It's an important and long-awaited change for the company, which has struggled since its launch to balance its fierce support of free speech with the protection of its users and, in many cases, the legal reality of hosting stolen and illegal content.
Of course, the announcement is the easy part. Now Reddit must begin the painstaking process of having to process and execute takedown requests from the site's over 9,000 communities. And while many of the realities of that process won't begin to fully present themselves until it begins in earnest, BuzzFeed News had a few questions for the site.
Update: Reddit replied! Answers are below. Mostly.
1. Will users have to file DMCA (Digital Millennium Copyright Act) requests or can they simply email the Reddit address?
Reddit: A DMCA is easier for us but we aren't requiring it.
2. Will users need to meet a certain standard of proof — or will requests immediately trigger a takedown?
Reddit: We are not going to require proof. That is salt in the wound to someone going through the process of removing images like this. It's often not limited to reddit and is rather difficult. The requests will be treated individually and not trigger an automatic takedown.
3. Why not require proven consent for anything posted?
Reddit did not an answer this.
4. How do you verify lack of consent?
Reddit did not answer this either.
5. Will Reddit provide the IP address of the offender's account to victims and/or law enforcement?
Reddit: Our responses to law enforcement are detailed in our transparency report. We will not release any private information without the proper legal request.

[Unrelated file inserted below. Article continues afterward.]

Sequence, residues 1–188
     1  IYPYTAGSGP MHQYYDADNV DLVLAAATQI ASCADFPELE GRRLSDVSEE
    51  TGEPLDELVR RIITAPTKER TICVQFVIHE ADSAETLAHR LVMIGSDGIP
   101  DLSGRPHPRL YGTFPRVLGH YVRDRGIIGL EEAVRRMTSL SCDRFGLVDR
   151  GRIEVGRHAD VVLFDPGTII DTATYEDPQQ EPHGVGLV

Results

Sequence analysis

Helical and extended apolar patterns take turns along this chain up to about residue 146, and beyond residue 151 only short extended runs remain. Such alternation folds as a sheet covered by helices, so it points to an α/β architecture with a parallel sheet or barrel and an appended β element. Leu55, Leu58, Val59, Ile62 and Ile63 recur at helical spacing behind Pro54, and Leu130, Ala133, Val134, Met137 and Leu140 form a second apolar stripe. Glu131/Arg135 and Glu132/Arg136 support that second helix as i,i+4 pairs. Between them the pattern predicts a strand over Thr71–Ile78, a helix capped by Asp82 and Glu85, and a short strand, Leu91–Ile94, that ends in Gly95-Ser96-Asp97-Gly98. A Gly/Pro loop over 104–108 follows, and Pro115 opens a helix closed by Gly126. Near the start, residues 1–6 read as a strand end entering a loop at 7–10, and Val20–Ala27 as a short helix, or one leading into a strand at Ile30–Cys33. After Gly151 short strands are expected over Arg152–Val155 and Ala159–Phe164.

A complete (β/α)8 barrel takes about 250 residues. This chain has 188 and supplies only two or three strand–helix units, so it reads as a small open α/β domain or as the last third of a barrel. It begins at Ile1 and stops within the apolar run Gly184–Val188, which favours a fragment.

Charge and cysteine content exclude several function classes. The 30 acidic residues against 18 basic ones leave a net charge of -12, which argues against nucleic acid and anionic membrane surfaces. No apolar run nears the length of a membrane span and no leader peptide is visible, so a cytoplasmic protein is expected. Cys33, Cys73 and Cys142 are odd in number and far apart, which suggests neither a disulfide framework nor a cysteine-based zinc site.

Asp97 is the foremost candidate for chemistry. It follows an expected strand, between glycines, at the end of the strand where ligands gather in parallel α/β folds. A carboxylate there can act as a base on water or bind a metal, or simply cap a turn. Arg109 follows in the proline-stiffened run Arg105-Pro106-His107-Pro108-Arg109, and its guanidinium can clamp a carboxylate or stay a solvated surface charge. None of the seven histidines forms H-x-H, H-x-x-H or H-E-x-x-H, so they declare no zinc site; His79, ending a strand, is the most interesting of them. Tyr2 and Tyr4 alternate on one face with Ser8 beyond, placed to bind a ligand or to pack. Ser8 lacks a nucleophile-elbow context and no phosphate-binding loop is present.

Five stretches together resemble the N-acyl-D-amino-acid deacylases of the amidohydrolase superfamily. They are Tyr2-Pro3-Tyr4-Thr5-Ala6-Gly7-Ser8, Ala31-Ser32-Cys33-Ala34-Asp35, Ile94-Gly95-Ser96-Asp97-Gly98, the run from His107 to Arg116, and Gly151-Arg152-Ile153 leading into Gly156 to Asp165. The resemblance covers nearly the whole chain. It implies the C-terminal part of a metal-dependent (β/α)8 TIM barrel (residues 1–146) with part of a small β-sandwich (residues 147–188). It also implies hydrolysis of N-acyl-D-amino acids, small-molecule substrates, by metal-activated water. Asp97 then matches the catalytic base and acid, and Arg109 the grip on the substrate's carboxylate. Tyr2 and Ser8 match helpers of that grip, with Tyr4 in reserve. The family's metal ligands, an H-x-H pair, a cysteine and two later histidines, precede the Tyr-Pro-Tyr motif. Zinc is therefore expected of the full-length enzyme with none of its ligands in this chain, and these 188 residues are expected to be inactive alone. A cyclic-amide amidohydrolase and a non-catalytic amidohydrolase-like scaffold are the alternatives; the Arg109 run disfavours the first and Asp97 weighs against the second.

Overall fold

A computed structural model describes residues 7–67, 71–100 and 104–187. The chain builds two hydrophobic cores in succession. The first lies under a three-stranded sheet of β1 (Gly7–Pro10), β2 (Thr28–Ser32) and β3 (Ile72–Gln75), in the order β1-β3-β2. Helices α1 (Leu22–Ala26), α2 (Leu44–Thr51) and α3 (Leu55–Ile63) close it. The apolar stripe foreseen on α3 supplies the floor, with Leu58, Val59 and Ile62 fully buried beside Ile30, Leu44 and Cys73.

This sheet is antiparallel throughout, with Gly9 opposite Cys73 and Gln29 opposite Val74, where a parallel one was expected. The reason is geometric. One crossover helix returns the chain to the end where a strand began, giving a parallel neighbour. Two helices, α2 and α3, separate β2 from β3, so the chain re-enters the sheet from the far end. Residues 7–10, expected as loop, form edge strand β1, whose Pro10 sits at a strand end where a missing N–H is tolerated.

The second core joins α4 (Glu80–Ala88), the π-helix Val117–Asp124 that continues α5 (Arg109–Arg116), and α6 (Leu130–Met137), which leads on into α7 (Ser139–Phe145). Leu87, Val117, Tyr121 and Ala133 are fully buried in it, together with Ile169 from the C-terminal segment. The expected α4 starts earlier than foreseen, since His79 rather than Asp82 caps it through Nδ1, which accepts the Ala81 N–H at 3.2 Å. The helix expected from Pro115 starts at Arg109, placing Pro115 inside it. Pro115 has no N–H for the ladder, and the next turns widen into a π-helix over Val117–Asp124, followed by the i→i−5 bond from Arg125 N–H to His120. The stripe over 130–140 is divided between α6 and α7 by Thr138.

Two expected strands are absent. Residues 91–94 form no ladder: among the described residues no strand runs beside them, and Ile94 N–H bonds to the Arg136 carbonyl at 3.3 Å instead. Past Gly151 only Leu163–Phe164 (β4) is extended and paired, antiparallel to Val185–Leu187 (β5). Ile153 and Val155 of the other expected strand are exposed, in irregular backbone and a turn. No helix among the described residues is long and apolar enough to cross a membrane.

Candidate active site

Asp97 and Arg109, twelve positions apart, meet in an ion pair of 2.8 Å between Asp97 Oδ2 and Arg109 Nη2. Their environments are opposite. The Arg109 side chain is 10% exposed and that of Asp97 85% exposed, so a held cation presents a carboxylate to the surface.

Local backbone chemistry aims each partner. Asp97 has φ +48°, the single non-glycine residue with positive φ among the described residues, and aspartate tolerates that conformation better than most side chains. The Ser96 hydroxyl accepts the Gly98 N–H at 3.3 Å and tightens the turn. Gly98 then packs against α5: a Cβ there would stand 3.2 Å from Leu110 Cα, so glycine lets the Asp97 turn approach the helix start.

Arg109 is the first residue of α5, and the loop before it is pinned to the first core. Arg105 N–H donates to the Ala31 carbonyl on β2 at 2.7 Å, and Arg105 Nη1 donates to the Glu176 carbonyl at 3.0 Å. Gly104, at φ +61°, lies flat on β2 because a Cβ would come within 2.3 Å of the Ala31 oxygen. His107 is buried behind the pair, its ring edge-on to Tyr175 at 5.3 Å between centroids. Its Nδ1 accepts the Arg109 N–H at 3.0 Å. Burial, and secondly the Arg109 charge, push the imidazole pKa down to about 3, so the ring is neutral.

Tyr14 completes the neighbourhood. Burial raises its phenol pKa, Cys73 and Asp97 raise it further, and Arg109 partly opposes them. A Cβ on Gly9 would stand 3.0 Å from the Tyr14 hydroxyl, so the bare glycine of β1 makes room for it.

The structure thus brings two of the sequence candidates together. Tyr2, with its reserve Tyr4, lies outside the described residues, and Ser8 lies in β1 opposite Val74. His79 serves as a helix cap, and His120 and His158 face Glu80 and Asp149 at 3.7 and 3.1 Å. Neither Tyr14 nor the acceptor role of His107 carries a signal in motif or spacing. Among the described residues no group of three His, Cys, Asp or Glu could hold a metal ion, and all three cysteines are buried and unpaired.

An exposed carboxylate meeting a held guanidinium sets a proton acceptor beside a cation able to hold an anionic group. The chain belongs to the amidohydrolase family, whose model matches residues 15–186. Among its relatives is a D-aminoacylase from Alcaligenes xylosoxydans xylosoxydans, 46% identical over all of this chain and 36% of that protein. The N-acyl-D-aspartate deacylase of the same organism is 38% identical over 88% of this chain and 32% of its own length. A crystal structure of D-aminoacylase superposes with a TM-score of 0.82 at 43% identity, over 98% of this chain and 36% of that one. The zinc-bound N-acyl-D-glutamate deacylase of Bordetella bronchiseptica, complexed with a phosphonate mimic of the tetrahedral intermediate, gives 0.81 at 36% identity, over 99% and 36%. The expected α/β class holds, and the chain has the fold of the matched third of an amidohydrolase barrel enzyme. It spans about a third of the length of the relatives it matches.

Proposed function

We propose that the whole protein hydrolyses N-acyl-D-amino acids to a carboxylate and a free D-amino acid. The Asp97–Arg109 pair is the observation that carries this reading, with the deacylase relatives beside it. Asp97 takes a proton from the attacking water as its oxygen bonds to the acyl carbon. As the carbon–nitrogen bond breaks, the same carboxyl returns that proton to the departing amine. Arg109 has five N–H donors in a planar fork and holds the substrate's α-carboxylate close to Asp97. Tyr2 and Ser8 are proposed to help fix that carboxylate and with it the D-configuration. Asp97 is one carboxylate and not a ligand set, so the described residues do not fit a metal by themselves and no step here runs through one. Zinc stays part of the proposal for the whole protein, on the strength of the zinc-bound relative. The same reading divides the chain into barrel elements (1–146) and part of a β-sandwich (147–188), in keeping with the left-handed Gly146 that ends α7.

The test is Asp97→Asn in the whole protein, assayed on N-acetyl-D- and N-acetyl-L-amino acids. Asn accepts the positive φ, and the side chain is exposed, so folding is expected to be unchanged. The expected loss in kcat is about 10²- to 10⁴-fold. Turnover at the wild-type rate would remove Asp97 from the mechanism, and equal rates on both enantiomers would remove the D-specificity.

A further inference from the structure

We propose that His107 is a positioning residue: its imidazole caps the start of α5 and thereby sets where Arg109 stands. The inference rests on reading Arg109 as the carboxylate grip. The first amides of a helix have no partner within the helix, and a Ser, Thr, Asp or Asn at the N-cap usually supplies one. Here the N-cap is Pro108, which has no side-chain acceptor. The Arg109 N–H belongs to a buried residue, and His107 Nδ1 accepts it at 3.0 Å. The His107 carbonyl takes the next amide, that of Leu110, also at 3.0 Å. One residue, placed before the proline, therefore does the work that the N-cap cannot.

6. How many staffers will be assigned to monitor the email@example.com email address?
This, too, was a question Reddit did not answer.
7. How many takedowns does the site feel confident it can process daily?
Reddit: We don't receive very many and are not really seeing this as something that will increase it greatly.
8. Will takedowns apply to all nude photos or just those that are explictly designated as revenge porn?
Reddit: if it reported to us as posted without consent, it will be addressed by the team on an individual basis. Since revenge porn is not the only cause of involuntary posting of nude or sexual images, we are not requiring that as criteria for the takedown.
9. Will only certain subreddits be policed for this content or can it come from any subreddit?
Reddit: We will not be policing any subreddits. We need to be notified of the image.
10. What are the penalties for users who violate these new terms?
Reddit: The only penalty is having the post removed. If you become a chronic abuser and break the rules of reddit repeatedly, your account may be affected.
11. Is there any statute of limitations for this policy — are users who posted photos that violate this policy before February 24th 2015 subject to penalties for posting violating content in the years since Reddit's launch?
Reddit: See above regarding penalties.
12. Will Reddit have any technology once a violating picture has been identified to make sure the picture isn't reposted?
Reddit: As we announced today, we're working on a variety of tools to help our community team, as well as our volunteer moderators, run their communities better and easier. There's a lot in the works, but nothing we're ready to announce aside from what we're announcing today.
Ohanian responded to BuzzFeed News' request to say that Reddit's community lead would be getting in touch with a full response. Until then, Ohanian expressed his excitement to get the process under way. "Personally glad to see that everyone has responded so well to this and I'm hopeful other sites will follow suit. This is just one step on the journey of taking our platform of over 9,000 communities to many, many more!" he said.
BuzzFeed News will update this post with responses from Reddit when we receive them.
Charlie Warzel is a senior writer for BuzzFeed News and is based in New York. Warzel reports on and writes about the intersection of tech and culture.
Contact Charlie Warzel at firstname.lastname@example.org.
Got a confidential tip? Submit it here.